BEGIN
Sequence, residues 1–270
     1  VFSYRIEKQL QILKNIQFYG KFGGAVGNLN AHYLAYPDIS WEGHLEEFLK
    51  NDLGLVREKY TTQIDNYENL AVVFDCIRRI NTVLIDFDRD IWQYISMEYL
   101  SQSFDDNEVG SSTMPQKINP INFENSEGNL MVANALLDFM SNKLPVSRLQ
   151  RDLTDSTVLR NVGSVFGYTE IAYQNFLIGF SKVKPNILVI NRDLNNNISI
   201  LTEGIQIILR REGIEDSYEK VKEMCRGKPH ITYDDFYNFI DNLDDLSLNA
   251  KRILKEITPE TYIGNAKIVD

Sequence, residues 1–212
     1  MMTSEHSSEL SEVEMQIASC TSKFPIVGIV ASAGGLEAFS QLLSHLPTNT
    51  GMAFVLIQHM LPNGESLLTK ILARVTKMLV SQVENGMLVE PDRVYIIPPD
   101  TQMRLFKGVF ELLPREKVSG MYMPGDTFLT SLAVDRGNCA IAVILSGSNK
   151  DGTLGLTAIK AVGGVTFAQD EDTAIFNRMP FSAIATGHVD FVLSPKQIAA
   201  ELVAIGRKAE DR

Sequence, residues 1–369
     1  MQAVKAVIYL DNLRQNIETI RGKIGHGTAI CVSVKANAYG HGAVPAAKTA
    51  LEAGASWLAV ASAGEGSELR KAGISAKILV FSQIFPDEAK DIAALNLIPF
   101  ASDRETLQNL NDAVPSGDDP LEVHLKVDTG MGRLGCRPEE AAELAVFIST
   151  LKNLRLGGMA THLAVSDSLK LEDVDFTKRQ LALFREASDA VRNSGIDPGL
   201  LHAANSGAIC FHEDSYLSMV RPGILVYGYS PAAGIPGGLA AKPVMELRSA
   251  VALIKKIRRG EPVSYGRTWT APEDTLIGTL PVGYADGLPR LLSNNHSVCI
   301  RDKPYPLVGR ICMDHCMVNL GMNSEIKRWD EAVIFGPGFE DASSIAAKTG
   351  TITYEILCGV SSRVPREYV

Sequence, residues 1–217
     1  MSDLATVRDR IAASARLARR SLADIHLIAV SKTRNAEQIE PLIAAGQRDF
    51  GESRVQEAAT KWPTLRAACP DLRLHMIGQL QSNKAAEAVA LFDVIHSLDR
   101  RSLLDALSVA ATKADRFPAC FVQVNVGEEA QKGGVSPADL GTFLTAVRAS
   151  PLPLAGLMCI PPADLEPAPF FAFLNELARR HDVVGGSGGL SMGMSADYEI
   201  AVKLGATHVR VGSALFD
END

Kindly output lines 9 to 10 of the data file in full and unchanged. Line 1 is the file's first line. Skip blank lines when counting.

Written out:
     1  MMTSEHSSEL SEVEMQIASC TSKFPIVGIV ASAGGLEAFS QLLSHLPTNT
    51  GMAFVLIQHM LPNGESLLTK ILARVTKMLV SQVENGMLVE PDRVYIIPPD